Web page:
The second callback comes from the bath scenes. Recalling the Karuizawa trip, it’s quite telling that Keiko treated the disparity in chest size between her and Ohno back then not as an attack on her confidence, but in the case of Angela she sees the American character’s body as more of a threat. No doubt this is done to show that Keiko views Angela as the most dangerous rival of all for Madarame, reinforcing also her initial view of Angela upon finding out that Angela has a thing for Madarame. I’ve talked about this before, but the friendly antagonism that exists between Keiko and Angela is something you don’t see in a lot of manga, let alone manga about a group of otaku. Both clearly have a lot of sexual experience, both are aware of this fact, and thus both see each other in a different light compared to the rest.
To a lesser extent, Ogiue and Sue’s bath scene also references Karuizawa, but it’s not as significant. It’s mostly just an opportunity to make a joke at Ogiue’s expense, though in this case it’s her own self-deprecation. Actually, when I think about it, most of the time when the subject of Ogiue’s chest comes up, it’s usually her putting words into another person’s mouth. “Now you’re going to say… I’m a small-chested tsundere!” exclaims Ogiue “Joseph Joestar” Chika, as Sasahara or Sue or whoever denies her accusation.
The last reference to the past is the most obvious, as Kuchiki is told to recount how he became a member of Genshiken in the first place. Between his initial club visit, his running away upon seeing the lovey-dovey interactions between Kousaka and Saki, his re-joining the club and causing trouble from the get-go, the scene for the most part reinforces Kuchiki’s role in the story as that annoying guy in the club you just can’t get rid of. However, Kio takes the time to put a bit of a twist on all of that when he has Kuchiki reminds everyone of Genshiken’s origins as a home for misfit otaku (the rejects of the rejects).
In this regard, I find that his apology to Ogiue actually says a lot. As he’s giving his speech before the toast, Ogiue jokingly reminds him that in their first meeting he laid her hands on him and that she’d never forget that, and Kuchiki gets down on his knees (“dogeza”), and immediately says sorry. Within this one moment, we can see that, as much as Kuchiki is generally a completely tactless and grating individual, that he cherishes Genshiken as more than just a place where he can fantasize about being a harem lead. Rather, it’s his home, a place that accepted him when nowhere else would, and to lose that connection is to lose a sense of belonging.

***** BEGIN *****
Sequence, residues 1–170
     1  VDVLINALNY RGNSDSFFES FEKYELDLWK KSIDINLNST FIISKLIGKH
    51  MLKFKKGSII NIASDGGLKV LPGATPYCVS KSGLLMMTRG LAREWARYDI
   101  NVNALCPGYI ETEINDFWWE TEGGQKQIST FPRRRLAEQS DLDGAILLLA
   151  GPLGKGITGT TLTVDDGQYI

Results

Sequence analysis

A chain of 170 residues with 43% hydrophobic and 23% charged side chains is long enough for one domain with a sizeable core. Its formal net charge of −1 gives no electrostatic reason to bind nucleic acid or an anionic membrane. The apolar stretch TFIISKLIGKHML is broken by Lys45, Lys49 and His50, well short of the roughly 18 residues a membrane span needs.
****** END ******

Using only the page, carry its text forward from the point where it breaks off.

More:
A few days ago I posted a translation of Japanese blogger Tamagomago’s latest article on Genshiken, where he asserts that the distinction between otaku and non-otaku, at least as it was in the mid-1990s to early-2000s, no longer really matters or indeed exists in the same capacity. Kuchiki clearly comes from before this time (as does Madarame of course), and I think given how Nidaime has gone it’s easy to forget just how awkward the club used to be. Kuchiki is a refreshing reminder of its origins, of a time that has arguably passed ages ago, and how places like Genshiken can be important for the awkward. On a personal level, as I’ve gotten older myself I’m no longer quite the nervous teenager I once was, and though vestiges of it still exist within me (and I’m still an awkward individual to be sure), it can be easy to forget just how intense it can be to worry that you don’t belong.
In a way, I wonder if Genshiken and its titular club at this point embody not simply the idea of a group of otaku, but the idea of a space to grow.